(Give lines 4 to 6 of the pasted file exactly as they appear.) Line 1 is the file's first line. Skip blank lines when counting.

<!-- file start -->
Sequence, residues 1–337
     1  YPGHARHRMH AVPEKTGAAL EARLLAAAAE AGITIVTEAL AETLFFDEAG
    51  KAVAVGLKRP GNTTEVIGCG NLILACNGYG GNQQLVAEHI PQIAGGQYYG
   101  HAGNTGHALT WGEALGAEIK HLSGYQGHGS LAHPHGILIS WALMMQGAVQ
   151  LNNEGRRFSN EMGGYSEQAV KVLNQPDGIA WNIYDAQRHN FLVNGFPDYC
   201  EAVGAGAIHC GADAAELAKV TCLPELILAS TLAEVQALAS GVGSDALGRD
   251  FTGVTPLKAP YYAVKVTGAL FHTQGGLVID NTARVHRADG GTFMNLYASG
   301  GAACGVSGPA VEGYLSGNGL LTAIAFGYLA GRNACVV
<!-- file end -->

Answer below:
   101  HAGNTGHALT WGEALGAEIK HLSGYQGHGS LAHPHGILIS WALMMQGAVQ
   151  LNNEGRRFSN EMGGYSEQAV KVLNQPDGIA WNIYDAQRHN FLVNGFPDYC
   201  EAVGAGAIHC GADAAELAKV TCLPELILAS TLAEVQALAS GVGSDALGRD